“It feels cool.”

She stepped back and smiled at him. “You look like a duck who just came up out of the pond, all covered in weed. What does a duck say?”

Instead of saying “quack-quack,” the boy gave a perfect imitation of a mallard’s call.

“I see a hunter in the making.” She brushed his fine blond hair from his eyes and tried to ignore the pang in her heart.

Simon. Caleb. No longer little boys whom she could cuddle and sing to. And now, Simon was gone. He and his best friend Joe Byler had done a bait-and-switch a few weeks ago, making them all think they were going to an Amish community in Colorado for a working vacation, and all the time they’d secured jobs at a dude ranch, wrangling horses. They were working among worldly people and all the temptations to a young man that living outside the circle of their people would bring.

Oh Lord, be with him and keep him safe.

“How long should I leave the chickweed on him?” Aaron’s mother asked.

“Not long,” Sarah assured her, coming back to herself. This was work she could do, a difference she could make right here with another woman’s child. Worrying about Simon profited her nothing. The Lord had him cupped in His hand, didn’t He? There was no reason to worry. “Rinse it off when you get home, and if you can, squish up some more and put it on when he goes to bed. He might need to sleep on a towel, to save the sheets.”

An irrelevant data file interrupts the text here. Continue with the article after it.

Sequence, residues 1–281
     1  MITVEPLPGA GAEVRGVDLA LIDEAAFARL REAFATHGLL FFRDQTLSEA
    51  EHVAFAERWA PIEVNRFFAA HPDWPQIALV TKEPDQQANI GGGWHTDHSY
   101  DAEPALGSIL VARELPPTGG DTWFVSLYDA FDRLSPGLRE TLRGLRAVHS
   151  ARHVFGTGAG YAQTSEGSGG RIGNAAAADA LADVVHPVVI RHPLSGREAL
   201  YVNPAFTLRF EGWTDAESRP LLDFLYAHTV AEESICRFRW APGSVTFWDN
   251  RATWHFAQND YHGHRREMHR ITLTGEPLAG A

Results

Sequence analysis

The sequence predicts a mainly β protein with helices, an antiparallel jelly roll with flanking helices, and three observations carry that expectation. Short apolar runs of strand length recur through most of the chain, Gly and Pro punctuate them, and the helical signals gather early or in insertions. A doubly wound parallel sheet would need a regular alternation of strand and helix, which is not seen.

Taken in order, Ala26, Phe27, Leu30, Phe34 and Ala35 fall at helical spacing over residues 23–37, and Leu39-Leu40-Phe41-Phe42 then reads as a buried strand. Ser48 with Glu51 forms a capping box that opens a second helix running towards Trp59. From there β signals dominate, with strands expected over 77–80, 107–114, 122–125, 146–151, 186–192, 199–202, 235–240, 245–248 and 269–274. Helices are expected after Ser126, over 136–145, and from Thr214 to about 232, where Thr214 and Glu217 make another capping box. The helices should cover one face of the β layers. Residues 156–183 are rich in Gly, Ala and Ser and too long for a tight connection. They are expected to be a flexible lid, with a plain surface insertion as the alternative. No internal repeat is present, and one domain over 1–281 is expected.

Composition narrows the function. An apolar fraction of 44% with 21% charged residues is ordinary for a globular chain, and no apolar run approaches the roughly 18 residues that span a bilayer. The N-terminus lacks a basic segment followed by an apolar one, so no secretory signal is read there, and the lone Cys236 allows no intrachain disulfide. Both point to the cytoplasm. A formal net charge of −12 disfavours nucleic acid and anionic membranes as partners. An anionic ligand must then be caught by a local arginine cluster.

Denki, Sarah. I’m so glad you knew what to do. Sunscreen is no good after the damage is done, and vinegar didn’t seem to help him.”

Sarah accepted a payment that still seemed to her to be too much for such a simple solution, but the young mother seemed happy with both the treatment and the new knowledge she’d gained.

When they clopped away down the drive in the gray-sided buggy the churches used here in Lancaster County, Sarah could already hear Aaron begging to take the reins, just the way Caleb, her youngest, always had when he was that age. Boys and ponds. Boys and horses. Boys and dirt. You could count on the magnetic attraction between them the way you counted on the turn of the seasons.

She turned and walked across the lawn to her garden—or as her sister-in-law Amanda was fond of saying, “that crazy quilt patch you planted.” The patterns she had seen in her mind’s eye back in the muddy days of spring had come to full fruition, the way a complicated star-and-flying-geese pattern materialized out of fabric when Sarah’s mother-in-law, Corinne, Yoder made a quilt. First there was nothing, and then there was something, patterns emerging to create beauty where there had been none before.

Was this how women reflected God as they went about the act of creation in small ways and large? Sarah knelt to inspect the progress of the peas climbing up their teepees of string. Was she being prideful even to think such things? Because baking, gardening, and sewing were all small acts of creation, when you got right down to it. Leaving out the miracle of conception itself, what about bringing up children? There was no creation as beautiful as a child who worshipped God and learned to love Him at an early age.

Copyright 2015 by Adina Senft.

All rights reserved.